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Polar Science Mission

The mission

The Earth's magnetosphere acts as a shield against the continuous bombardment of plasma, known as the solar wind, emanating from the Sun's atmosphere. The dipole nature of the Earth's magnetic field results in the formation of two cusp regions within the magnetosphere where the magnetic field is weak. It is in these cusp regions that the solar wind plasma may gain entry to the magnetosphere. This transfer of mass and energy drives dynamic processes within the magnetosphere. A visible manifestation of one such process is the aurora.

The Polar spacecraft was launched into a polar orbit on the 24th February 1996. The elliptical nature of the orbit along with the relatively short orbital period of 18 hours allows for frequent observations of the cusp region at various altitudes. The extensive suite of scientific instrumentation carried aboard Polar is used to study the detailed nature of the entry of solar wind plasma into the magnetosphere and the magnetosphere?s reaction to this plasma entry. The Polar spacecraft is one of the International Solar Terrestrial Program (ISTP) fleet of spacecraft currently studying the environment around the Earth and the interactions between this region and the out flowing solar wind


A number of research topics relating to the cusp region are being perused utilizing Polar data sets along with data from other spacecraft in the ISTP fleet, these are:

  • The position of the cusp. The precise location of the cusp region is not only dependent on the nature of the Earth?s magnetic field but also on the solar wind plasma and the interplanetary magnetic field (IMF) embedded within the plasma.
  • Non-adiabatic motion of solar wind plasma in the cusp region. Adiabatic motion of the plasma within the cusp is controlled by the orientation and strength of the Earth?s magnetic field, non-adiabatic motion occurs when the motion of the plasma becomes unstable so generating perturbations, waves, in the Earth?s magnetic and electric fields.
  • Charge neutrality at the equatorward edge of the cusp. The solar wind plasma contains both negatively charged electrons and positively charged ions. The less massive, faster moving electrons could more rapidly gain access to the Earth?s magnetosphere. Were this to happen the electrons would effectively become separated from the ions in the solar wind plasma as they enter the magnetosphere. The resultant electric field generated from this charge separation acts to inhibit the motion of the less massive electrons and so neutralize the resulting electric charge.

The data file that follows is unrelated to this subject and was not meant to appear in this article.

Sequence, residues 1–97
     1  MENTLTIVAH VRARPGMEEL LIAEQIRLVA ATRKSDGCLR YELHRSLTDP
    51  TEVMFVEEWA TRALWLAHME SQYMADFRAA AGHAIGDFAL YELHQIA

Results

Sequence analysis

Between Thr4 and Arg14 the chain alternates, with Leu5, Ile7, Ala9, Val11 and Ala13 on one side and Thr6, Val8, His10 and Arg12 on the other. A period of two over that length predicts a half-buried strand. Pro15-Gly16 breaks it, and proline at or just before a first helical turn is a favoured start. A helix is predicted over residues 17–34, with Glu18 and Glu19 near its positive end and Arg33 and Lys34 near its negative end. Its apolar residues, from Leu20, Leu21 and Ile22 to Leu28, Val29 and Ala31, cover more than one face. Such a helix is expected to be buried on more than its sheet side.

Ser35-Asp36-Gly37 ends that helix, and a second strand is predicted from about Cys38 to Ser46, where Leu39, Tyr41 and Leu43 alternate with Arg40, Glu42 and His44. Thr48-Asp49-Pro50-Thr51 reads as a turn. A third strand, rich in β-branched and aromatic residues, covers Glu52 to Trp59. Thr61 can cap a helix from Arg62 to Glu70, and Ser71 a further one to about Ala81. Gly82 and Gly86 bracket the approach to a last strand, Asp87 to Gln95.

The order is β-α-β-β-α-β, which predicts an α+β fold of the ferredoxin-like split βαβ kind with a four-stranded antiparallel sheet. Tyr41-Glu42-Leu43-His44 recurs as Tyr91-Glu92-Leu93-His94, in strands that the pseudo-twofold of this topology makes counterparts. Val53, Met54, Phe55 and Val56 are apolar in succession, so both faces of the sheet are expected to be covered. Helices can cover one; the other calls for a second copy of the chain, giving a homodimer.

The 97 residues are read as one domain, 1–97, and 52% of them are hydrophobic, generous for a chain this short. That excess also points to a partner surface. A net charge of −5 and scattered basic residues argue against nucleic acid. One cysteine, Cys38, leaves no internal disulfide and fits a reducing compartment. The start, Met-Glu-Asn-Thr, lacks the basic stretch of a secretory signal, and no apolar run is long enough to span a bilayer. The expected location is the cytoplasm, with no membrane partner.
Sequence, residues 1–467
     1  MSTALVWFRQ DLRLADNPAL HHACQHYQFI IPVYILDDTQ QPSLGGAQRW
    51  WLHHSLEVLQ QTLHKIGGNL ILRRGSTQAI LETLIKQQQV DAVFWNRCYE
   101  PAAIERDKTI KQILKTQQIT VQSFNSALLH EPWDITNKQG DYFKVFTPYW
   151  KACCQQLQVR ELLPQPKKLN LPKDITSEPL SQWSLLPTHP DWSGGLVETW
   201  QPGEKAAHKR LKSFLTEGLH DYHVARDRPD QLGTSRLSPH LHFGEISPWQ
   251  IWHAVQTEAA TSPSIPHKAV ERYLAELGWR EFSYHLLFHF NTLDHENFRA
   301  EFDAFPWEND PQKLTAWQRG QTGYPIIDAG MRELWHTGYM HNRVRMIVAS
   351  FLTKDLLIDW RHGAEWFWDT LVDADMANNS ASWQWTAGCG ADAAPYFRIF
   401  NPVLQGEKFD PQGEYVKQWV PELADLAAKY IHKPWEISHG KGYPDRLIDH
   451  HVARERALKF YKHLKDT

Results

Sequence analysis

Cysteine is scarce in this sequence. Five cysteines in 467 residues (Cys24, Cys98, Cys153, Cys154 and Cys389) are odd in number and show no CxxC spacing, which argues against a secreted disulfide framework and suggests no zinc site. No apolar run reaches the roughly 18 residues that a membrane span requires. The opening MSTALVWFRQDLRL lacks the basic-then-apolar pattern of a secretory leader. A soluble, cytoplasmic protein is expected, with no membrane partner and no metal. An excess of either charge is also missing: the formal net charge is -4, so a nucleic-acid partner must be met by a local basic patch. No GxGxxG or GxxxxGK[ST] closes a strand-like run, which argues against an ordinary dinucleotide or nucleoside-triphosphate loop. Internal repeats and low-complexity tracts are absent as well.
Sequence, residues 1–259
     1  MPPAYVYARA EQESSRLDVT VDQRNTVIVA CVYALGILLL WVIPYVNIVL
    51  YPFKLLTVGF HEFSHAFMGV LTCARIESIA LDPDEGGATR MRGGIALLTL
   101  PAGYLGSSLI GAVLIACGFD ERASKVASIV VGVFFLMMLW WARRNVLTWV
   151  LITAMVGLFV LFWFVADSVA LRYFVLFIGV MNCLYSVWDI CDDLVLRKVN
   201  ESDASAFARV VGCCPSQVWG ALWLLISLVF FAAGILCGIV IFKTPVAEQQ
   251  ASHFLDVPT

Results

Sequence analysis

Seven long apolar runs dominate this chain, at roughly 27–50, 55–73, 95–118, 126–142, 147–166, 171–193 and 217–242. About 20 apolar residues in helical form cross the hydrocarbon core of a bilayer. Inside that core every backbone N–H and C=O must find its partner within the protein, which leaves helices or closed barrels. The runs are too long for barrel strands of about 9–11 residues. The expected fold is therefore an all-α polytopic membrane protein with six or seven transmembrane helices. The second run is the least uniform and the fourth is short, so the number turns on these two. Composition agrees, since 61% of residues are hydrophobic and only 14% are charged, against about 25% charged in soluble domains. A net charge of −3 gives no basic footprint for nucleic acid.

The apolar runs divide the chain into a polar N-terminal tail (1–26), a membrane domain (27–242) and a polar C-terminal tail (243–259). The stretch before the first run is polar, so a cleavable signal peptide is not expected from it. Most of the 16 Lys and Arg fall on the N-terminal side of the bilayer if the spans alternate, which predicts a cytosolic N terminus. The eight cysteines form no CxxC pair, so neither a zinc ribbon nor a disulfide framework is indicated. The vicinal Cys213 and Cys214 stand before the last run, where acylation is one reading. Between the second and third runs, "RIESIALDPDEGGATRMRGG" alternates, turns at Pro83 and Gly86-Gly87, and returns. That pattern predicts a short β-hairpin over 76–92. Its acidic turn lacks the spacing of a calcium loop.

• Anti-parallel versus component merging of the IMF and the Earth?s magnetic field. The flow of the solar wind plasma convects the IMF through interplanetary space. On arrival at the Earth the two magnetic fields can merge into one field. Two possible criteria exist for merging: anti-parallel merging requires the two magnetic fields to be oppositely orientated, whilst component merging requires only a cartesian component of the two fields to be oppositely orientated.
  • Conic ionospheric plasma distributions in the cusp region. The ingress of solar wind plasma into the Earth?s magnetosphere represents a transport of energy and momentum. Part of this energy is available to drive processes with the magnetosphere. One such process is the acceleration and heating of ionospheric plasma populations along the Earth?s magnetic field. An effect of this energization is the formation of conic distributions within the cusp region.
  • The origin of the plasma in the low latitude boundary layer (LLBL). Equatorward of the cusp region is a region inaccessible to solar wind plasma. The layer bounding these two regions on the low latitude side of the cusp consists of plasma whose character is consistent with neither that of the two adjacent regions. This plasma may originate from diffusion of plasma out of the two bounding regions and/or consist of the part of the population of the solar wind plasma that can access this boundary layer.
  • The effect of strong radial IMF on anti-parallel magnetic merging. The variation in the IMF means the position on the outer boundary of the magnetosphere, known as the magnetopause, where the IMF and the Earth?s magnetic field are oppositely directed also varies. Intervals where the IMF is directed either outward towards the Earth or inward towards the Sun have a noticeable effect of the merging site.

8th August 2000
Ian Krauklis

Mullard Space Science Laboratory - Holmbury St. Mary - Dorking - Surrey - RH5 6NT - Telephone: +44 (0)1483 204100 - Copyright © 1999-2005 UCL

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